Showing posts with label Sheriff. Show all posts
Showing posts with label Sheriff. Show all posts

Friday, January 2, 2015

Easy Evil: Interview with Crime Reporter Doug Cummings

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Fiona - Hey, Doug. I guess the street lights are just popping on in the windy city.

Doug - ...and the crickets are chirping.

Fiona - I've spent a little time in Chicago - I wish it were more. Can you tell my blog-readers
            how you spend your days and maybe give them a little of your background?

Doug - In reverse order... I grew up in Kansas where I went to college and worked as a deputy
           sheriff for half a dozen years. I got a degree in radio-TV and had interned at a local TV
           station. I was getting tired of cop work, as sometimes happens, and one night I had a
           reporter from a radio station as a ride-along. He was leaving the station to go to law
           school. I asked if his job had been filled, and it hadn't...so I had the perfect segue.
         
           I ended up working at the station, and he became a deputy while in law school. I think
           they make TV shows about things like that nowadays. I worked as a crime reporter in Kansas City
           for two years, and then I moved to Chicago and spent fifteen years covering crime and disasters
           in this area.

Fiona - Did you have to go through a police training program to be a deputy sheriff?

Doug - Yes, training is required...more now even than back then. With regular weapons qualification and
            continuing education. I completed about half the work for a Masters in Criminal Justice, in fact.

Fiona - Because I have a lot of international readers, can you explain the differences between a sheriff and a
            police officer? Link to more information about sheriffs

Doug - The differences are mostly in name. Sheriff's are elected officials.
            The name comes from the old English, I believe...shire-reeve. If
            you remember Robin Hood...Anyway the sheriff is the chief law
            enforcement officer of most counties and his deputies usually
            have authority in unincorporated areas of the county.

Fiona - Shire-reeve. Now there's a fun little tid-bit of information that I
            can drop at  my next cocktail party.


Doug - Police officers typically patrol in cities. Having said that, some states countywide police departments
           and the sheriff is relegated to administration of the jail. It depends on where you live.
           In Kansas and Illinois, sheriffs are elected county officials and have police and jail administration
           functions.

Fiona - So, I know that guns are near and dear to your heart. Have you ever had to use one in the line of
            duty? Or for self-protection?
                                                              This is Doug's Colt Python


Doug - Thankfully, no and I hope I never get into such a situation. I was on my way to a shootout once...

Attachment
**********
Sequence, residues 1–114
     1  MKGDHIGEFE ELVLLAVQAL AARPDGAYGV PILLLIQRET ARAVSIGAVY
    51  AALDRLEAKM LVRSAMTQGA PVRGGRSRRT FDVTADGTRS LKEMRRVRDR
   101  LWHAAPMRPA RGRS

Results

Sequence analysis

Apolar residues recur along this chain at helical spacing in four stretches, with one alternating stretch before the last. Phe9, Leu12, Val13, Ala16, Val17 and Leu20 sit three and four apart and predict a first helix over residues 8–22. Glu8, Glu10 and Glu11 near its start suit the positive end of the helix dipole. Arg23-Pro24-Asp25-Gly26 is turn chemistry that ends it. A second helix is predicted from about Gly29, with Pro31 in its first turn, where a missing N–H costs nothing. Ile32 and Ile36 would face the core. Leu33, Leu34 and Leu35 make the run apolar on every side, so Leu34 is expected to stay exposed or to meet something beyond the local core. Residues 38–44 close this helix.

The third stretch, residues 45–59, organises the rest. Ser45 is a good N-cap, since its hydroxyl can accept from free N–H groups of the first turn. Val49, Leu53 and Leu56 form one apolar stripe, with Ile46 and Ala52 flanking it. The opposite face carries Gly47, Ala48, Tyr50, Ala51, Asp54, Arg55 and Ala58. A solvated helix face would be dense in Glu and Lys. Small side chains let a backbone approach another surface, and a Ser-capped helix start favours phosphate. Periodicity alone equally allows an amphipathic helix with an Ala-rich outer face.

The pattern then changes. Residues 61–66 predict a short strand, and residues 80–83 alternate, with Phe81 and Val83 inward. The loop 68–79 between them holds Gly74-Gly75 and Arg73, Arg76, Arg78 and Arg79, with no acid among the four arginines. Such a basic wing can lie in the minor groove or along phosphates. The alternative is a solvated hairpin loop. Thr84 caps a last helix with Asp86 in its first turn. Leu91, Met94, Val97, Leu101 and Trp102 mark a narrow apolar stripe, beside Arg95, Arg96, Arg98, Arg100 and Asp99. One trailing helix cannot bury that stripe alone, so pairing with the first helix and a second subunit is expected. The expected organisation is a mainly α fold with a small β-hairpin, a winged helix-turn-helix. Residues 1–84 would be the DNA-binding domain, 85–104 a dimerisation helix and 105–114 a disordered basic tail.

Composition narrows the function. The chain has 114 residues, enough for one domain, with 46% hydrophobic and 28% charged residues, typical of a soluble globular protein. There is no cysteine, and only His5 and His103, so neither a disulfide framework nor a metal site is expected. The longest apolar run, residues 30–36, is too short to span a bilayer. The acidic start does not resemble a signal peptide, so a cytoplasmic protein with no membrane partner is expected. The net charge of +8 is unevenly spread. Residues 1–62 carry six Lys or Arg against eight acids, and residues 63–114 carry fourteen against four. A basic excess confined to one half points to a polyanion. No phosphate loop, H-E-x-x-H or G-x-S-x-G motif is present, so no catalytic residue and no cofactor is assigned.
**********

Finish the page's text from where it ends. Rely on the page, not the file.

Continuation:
but  the bad guy was killed before I arrived. I appreciated the timing.

Fiona - No kidding! That must be an odd experience to have the adrenaline flowing and then know that it
            was over - but badly.

Doug - It's not uncommon...I've certainly been in hairy situations that weren't diffused quickly enough for
            me to avoid them.

Fiona - Okay, give me a hairy example, LOL.

Doug - Well, the hairiest was a chase and head on crash. We were chasing a couple of armed robbery
            suspects (we thought), and they turned around and came back at us. It was odd to have the right,
            front fender appear three inches from your head while sitting in the passenger seat.

Fiona - No kidding! YIKES! Was everyone okay?

Doug - My then partner still has back issues but other than that everyone was fine. Yep, wrecked a squad
            car with only a couple of hundred miles and all new equipment tho.

Fiona - I bet that went over big with the budget office. Okay, I'm going to throw out my typical question -
            what in books, TV, movies etc. do you see being portrayed incorrectly, and it ticks you off?

Doug - What annoys me most...when cops are portrayed as bumbling or stupid. While I have met some
            book stupid cops, most of the people I've known in law enforcement are street smart, really care
            about the work and put 100 percent into it. With 500-600 hours of basic training now, and
            sometimes 40-60 hours of in service training every year, they know the business.

Fiona - But they also aren't super-heroes. No one should expect a cop to shoot a gun out of a perpetrators
            hand with eagle vision. They can't take down a whole gang single-handedly. So how can a writer
            write a cop correctly?

Doug - I think research can be as easy as finding a real cop in the town or area the author is writing about.
            Going on ride-alongs or enrolling in a citizens police academy are good resources too. Another
            thing that annoys me is when I read a book and can tell the author has done his research watching
            cop shows, not talking to or even reading about real cops.

Fiona - How can you tell the difference? What is wrong in the shows that a cop would relate differently?

Doug - Cops aren't fashion models for one.

Fiona - Hahahaha! (I think they should be.)